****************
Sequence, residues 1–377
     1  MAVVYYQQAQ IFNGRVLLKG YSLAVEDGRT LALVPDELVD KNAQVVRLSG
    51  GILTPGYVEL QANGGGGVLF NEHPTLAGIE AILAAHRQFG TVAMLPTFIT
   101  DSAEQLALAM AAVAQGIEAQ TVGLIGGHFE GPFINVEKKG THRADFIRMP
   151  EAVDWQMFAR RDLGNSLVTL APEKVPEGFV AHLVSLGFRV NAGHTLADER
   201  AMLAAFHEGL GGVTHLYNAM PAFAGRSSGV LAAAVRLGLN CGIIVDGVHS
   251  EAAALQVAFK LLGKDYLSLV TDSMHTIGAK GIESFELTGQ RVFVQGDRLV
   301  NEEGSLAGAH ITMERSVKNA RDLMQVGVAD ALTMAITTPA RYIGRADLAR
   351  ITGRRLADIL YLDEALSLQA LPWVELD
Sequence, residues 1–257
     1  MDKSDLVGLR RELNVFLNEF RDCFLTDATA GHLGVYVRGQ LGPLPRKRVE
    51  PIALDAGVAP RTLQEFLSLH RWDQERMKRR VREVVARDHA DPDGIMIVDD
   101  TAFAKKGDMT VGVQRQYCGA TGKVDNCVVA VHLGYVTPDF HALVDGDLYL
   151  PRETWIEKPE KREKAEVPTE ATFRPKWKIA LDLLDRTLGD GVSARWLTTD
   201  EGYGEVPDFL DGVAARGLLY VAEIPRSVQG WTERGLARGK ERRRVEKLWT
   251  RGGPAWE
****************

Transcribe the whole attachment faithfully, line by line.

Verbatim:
Sequence, residues 1–377
     1  MAVVYYQQAQ IFNGRVLLKG YSLAVEDGRT LALVPDELVD KNAQVVRLSG
    51  GILTPGYVEL QANGGGGVLF NEHPTLAGIE AILAAHRQFG TVAMLPTFIT
   101  DSAEQLALAM AAVAQGIEAQ TVGLIGGHFE GPFINVEKKG THRADFIRMP
   151  EAVDWQMFAR RDLGNSLVTL APEKVPEGFV AHLVSLGFRV NAGHTLADER
   201  AMLAAFHEGL GGVTHLYNAM PAFAGRSSGV LAAAVRLGLN CGIIVDGVHS
   251  EAAALQVAFK LLGKDYLSLV TDSMHTIGAK GIESFELTGQ RVFVQGDRLV
   301  NEEGSLAGAH ITMERSVKNA RDLMQVGVAD ALTMAITTPA RYIGRADLAR
   351  ITGRRLADIL YLDEALSLQA LPWVELD
Sequence, residues 1–257
     1  MDKSDLVGLR RELNVFLNEF RDCFLTDATA GHLGVYVRGQ LGPLPRKRVE
    51  PIALDAGVAP RTLQEFLSLH RWDQERMKRR VREVVARDHA DPDGIMIVDD
   101  TAFAKKGDMT VGVQRQYCGA TGKVDNCVVA VHLGYVTPDF HALVDGDLYL
   151  PRETWIEKPE KREKAEVPTE ATFRPKWKIA LDLLDRTLGD GVSARWLTTD
   201  EGYGEVPDFL DGVAARGLLY VAEIPRSVQG WTERGLARGK ERRRVEKLWT
   251  RGGPAWE